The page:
Tracey O’Shea: Alright, next one is “I just listened to a lecture by Allison Siebecker. She always orders the three-hour breath test because if she sees a flatline the first two hours without the typical rise of hydrogen in the third hour, then she suspects hydrogen sulfide SIBO. Thoughts?”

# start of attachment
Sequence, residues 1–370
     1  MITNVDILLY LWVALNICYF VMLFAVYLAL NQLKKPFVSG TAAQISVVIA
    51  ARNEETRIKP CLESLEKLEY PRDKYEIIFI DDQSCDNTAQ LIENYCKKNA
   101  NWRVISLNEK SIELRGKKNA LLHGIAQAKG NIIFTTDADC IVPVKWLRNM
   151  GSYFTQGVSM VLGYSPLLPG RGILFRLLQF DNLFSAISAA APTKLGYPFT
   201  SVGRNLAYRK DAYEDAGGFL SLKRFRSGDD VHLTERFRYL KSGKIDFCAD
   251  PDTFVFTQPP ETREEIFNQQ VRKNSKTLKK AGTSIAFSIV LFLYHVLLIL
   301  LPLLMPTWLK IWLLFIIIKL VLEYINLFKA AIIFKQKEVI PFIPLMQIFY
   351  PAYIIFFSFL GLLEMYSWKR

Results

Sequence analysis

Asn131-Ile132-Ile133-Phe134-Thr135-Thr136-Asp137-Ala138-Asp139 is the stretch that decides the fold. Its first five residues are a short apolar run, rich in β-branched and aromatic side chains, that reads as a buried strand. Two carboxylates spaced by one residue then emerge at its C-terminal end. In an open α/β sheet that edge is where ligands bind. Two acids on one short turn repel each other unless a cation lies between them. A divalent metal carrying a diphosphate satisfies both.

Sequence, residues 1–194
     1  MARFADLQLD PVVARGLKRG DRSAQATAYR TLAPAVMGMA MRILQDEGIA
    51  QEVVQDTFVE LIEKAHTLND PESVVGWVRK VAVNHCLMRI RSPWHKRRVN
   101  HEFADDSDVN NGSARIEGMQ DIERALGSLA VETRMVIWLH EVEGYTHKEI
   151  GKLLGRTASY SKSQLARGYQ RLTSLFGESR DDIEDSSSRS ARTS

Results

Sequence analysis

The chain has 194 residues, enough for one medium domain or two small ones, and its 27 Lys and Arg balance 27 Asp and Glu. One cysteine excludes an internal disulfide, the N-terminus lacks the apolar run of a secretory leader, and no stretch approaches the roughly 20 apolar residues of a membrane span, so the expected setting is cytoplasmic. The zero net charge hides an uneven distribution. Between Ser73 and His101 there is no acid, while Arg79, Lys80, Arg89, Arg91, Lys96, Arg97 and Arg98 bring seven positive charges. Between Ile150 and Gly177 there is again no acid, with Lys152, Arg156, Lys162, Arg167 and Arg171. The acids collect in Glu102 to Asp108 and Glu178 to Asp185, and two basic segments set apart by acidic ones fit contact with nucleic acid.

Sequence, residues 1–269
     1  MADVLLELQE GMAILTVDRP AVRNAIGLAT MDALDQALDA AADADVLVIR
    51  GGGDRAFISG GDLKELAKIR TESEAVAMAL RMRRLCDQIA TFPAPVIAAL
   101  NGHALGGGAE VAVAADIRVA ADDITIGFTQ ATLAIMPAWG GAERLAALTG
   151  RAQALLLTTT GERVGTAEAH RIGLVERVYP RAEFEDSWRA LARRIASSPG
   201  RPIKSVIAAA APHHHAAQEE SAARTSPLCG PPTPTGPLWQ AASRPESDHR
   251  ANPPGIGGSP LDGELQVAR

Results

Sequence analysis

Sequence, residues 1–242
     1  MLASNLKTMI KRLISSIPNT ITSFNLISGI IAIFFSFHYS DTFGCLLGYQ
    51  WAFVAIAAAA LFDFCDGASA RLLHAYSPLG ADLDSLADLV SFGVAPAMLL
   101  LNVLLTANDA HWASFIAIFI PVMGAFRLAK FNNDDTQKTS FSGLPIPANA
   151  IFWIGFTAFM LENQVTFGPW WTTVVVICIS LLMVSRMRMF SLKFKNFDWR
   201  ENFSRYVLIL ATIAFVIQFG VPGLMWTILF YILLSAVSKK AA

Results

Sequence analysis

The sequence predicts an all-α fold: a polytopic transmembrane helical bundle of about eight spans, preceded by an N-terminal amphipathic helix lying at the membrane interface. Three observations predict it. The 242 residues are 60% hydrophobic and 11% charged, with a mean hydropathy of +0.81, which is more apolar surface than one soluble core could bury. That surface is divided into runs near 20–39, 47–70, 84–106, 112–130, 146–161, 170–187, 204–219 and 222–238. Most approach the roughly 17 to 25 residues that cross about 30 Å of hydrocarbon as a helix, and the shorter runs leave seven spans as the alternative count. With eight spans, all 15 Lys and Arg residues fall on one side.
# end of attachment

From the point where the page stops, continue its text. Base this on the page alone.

So, again, this is just to repeat, this is a question about ordering a three-hour breath test versus the 2.25, I think is kind of what we’re getting at here. The new BioHealth 900-C is the newer version of the SIBO breath test that does 15-minute increments instead of 20[-minute increments] so that you can get a 90-minute value instead of 100, like, you get an 80 and [a] 100, and then you have to kind of average out what that 90-minute value might be, and that can make it a little tricky. I mean, you can pick the plot in coins and try to figure out what the number is between the 80 value and the 100 value, but it’s not perfect. It’s not specific, so I think that is one advantage to using the newer updated criteria SIBO test, but then you might argue that you do lose some of the last little bit of that three-hour test where you may be able to see what the solution is doing, host 135 minutes. So I think there might be some argument for this to do a three-hour breath test. I don’t know that there’s really a disadvantage to doing one over the other, but I would argue that I think even with the 2.25-hour breath test, the 900-C, I think that you would still be able to kind of see this flatline, and then we’re suspecting that the solution is entering the colon at the 90-minute mark and you still have a few more values after that to be able to see if it’s rising. So I think that you probably could still take a look and use the 2.25-hour SIBO test and still get some information about whether you suspect hydrogen sulfide or not. So I don’t have a perfect answer to this [question]. We don’t use the three-hour breath test. We use the newer one. I haven’t really run into this issue because I think that you can still gather enough information with the markers post 90 minutes. The question is if you do suspect after the shorter test, the 2.25-hour test, then you could always repeat a three-hour test or you could treat based off symptoms and suspicion based off the labs that you do have, and then maybe when you do a repeat SIBO test, you could use a three-hour breath test as just kind of a follow-up to double-check, so those are my thoughts. I think it’s reasonable. It makes sense, and I don’t know that there’s really an advantage or a disadvantage to doing the three-hour versus the 2.25[-hour] if you suspect that you might have a hydrogen sulfide case on your hands.